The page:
An exhibit of Bench memorabilia showcases the brand’s stylish history
MANILA, Philippines - It started with a boat.
The commercial was so simple, it became instantly iconic: a young man, a scull, Debussy’s “Clair de Lune,” the sea, and a white cotton tank top, a single word in green semi-serif printed across the front. The year was 1991. The man was Richard Gomez. And the brand was Bench.
For production designer Gino Gonzales, curator of the Art Fair Philippines 2017 exhibit “The Bench Artefacts from 1987 Onwards,” the scull used in that first Bench advert is the be-all and end-all of what made — and continues to make — the casual clothing label so synonymous with modern Philippine culture.
“Initially,” he says, “we thought about installing the scull lang with a sea of denim.” When the team learned that artist Ronald Ventura’s exhibit was also going to feature a boat prominently, Gonzales decided to, he says, “choose (his) battles.” The result is a retrospective spanning 30 years of fashion, art and entertainment, seen in various Bench keepsakes of varying sizes, textures and colors.
“Relatively, maybe I have an understanding of (Bench),” says Gonzales, who for almost two decades has done stage design for Bench fashion and underwear shows. “This time we thought (it would be) an installation of benches that were piled on top of each other. It’s like a visual metaphor for what built the brand.”
The curation process took three to four months, most of it spent picking through the extensive archives of the brand. The plan was to use the original products from the early years, but they were nowhere to be found. The manufacturing team had offered to reproduce the clothes, but Gonzales declined on the grounds of authenticity. “Even if they’re just hangers, pencils,” he says, “I had to (use) the real items.”
True to his word, original hangers used in the stores through the years are displayed next to rows of pencils emblazoned with different Bench logos, the erasers at their ends reduced to pink stumps with use. The scull stands proud in the middle of the exhibit, surrounded by smaller objects that have played vital roles in the brand’s history. There’s the Resplandor, a silver-plated headpiece based in Catholic imagery worn by Lucy Torres-Gomez at a Bench event. There’s a flat bag featuring Jomari Yllana meant to symbolize how the brand became a pioneer of sexually provocative campaigns. There’s a copy of Pinoy Pop Culture, a book that became the company’s first major publishing project. On the other side of the room are displays of Bench jeans in different styles — “pants on pants on pants,” as Gonzales says. And all around are original photographic transparencies in black and white, showing off the Bench advertisements (even the ones with Jasmine Trias and Jerry Yan) that people have come to know from magazine spreads and billboards.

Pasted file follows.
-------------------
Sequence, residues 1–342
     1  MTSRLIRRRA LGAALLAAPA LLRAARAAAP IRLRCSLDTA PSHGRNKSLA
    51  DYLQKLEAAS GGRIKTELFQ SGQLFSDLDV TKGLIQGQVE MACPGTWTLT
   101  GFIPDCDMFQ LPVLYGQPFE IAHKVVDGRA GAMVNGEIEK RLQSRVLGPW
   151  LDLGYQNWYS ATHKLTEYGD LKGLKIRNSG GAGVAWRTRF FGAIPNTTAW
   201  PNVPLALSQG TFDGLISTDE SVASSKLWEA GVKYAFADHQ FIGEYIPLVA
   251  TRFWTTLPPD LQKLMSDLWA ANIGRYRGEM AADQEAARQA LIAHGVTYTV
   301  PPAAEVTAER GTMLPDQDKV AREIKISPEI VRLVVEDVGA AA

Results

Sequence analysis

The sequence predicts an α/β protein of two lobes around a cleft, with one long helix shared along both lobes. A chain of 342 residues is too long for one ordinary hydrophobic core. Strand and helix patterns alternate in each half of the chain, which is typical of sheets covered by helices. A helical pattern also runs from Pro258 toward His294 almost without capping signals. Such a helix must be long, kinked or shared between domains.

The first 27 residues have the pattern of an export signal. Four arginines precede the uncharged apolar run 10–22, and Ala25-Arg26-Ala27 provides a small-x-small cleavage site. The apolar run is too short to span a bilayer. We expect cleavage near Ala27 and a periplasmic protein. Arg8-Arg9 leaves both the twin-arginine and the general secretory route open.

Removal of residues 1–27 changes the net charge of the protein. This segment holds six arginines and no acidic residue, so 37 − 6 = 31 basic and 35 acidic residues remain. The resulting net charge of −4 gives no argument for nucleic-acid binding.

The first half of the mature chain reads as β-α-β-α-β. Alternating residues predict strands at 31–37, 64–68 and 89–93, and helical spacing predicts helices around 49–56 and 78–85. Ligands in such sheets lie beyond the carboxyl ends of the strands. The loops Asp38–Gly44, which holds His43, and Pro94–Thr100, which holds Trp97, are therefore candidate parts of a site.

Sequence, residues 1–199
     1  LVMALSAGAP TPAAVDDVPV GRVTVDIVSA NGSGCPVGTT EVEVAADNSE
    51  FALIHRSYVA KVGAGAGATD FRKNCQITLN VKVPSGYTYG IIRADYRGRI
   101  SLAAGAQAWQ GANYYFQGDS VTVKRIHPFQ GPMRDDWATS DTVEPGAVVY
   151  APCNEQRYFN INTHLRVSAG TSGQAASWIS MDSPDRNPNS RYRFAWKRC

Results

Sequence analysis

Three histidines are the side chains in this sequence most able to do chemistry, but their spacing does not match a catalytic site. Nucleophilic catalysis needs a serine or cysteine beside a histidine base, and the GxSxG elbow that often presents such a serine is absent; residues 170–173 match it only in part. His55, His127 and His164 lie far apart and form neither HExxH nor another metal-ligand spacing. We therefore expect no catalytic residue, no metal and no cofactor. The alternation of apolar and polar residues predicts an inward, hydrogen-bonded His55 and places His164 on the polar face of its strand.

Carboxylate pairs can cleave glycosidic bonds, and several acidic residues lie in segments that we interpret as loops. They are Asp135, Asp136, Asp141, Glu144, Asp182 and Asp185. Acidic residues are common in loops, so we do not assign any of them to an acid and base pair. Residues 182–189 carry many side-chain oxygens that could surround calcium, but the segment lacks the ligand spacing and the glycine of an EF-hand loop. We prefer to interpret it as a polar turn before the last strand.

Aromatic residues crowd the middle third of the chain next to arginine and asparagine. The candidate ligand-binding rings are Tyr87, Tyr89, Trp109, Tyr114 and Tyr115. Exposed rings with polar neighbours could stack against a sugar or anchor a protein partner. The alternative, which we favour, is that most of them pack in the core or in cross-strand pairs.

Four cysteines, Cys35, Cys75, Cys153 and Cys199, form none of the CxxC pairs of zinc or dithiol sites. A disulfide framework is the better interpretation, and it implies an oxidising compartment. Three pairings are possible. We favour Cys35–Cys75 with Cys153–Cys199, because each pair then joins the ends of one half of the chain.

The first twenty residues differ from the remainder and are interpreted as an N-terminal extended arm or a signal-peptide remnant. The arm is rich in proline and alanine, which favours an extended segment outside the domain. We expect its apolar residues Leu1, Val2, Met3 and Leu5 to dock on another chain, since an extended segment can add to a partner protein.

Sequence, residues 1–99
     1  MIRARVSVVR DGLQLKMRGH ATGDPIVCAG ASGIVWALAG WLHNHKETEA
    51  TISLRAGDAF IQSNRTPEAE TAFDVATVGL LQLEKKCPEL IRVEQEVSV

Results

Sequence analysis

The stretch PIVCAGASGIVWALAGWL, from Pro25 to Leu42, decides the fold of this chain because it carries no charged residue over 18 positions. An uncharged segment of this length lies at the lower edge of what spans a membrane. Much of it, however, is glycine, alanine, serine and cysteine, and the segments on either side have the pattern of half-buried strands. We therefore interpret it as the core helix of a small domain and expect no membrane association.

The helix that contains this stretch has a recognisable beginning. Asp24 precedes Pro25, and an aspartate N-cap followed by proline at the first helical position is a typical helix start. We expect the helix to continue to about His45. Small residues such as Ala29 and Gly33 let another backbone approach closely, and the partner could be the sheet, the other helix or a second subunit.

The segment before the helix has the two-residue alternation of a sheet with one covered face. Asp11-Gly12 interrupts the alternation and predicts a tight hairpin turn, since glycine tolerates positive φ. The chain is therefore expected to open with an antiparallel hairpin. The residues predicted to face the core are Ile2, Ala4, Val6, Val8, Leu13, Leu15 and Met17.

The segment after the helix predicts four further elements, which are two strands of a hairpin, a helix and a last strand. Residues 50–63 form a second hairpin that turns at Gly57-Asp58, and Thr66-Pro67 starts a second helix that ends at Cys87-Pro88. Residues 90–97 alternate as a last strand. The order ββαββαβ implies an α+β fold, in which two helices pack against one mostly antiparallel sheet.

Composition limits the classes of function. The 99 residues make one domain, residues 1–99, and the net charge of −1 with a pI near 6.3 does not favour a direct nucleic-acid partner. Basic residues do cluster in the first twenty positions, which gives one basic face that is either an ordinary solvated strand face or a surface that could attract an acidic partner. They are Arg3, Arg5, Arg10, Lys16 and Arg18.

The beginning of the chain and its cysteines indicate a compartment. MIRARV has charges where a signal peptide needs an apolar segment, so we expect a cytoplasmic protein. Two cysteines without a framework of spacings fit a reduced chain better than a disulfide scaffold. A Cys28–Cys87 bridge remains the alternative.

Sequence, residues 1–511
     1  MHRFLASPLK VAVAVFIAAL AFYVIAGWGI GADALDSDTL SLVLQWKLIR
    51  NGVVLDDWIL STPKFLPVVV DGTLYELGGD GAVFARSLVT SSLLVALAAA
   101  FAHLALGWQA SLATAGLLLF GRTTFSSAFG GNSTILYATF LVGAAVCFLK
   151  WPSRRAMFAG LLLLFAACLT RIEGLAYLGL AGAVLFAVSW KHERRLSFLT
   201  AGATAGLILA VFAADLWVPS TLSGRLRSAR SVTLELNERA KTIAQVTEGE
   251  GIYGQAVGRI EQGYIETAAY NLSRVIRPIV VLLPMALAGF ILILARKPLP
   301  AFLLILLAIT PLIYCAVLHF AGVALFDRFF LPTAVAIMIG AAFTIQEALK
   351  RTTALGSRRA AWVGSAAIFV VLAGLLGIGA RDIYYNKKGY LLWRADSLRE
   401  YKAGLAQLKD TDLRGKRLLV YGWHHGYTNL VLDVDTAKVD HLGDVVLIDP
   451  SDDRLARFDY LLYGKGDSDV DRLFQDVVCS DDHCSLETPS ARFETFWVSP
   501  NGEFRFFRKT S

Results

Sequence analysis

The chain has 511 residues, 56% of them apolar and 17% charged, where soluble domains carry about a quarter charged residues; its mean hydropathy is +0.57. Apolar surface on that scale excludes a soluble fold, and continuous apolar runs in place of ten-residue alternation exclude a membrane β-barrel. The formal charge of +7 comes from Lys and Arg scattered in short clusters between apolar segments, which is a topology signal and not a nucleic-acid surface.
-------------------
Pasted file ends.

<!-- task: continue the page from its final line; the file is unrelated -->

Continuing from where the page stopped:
Gonzales made sure to invoke a further connection to the Art Fair, as well. “I thought it was very important for us to feature artists who have had collaborations with Bench, specifically visual artists like BenCab, Ronald Ventura, and Geraldine Javier.”
For Gonzales, there’s no question as to why Bench and its achievements need to be remembered and celebrated, 30 years after it was established. The amazing part, he says, is that he is able to recognize all of the objects, having seen them all before. “There’s no other brand like Bench that has this kind of rich cultural history, or even a material history like this,” he explains. “I hope (visitors) get a fair sense of the scope of Bench’s influence on Philippine culture through the exhibit.”
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Art Fair Philippines 2017 is ongoing until Feb. 19 at The Link, Ayala Center. It is co-presented by Ayala Land, Bank of the Philippine Islands, Globe, Bench and Julius Baer. Major sponsors are Make It Makati, Ayala Land Premiere, and Volkswagen. Official hotel partners are Raffles and Fairmont Makati, the Holiday Inn and Suites. Official media partners are The Philippine STAR, Summit Media and CNN. Food and beverage partners are Don Papa Rum, Kai, and the Straits Wine Company. Providers and supporters are Coca Cola, San Miguel Brewery and Boysen.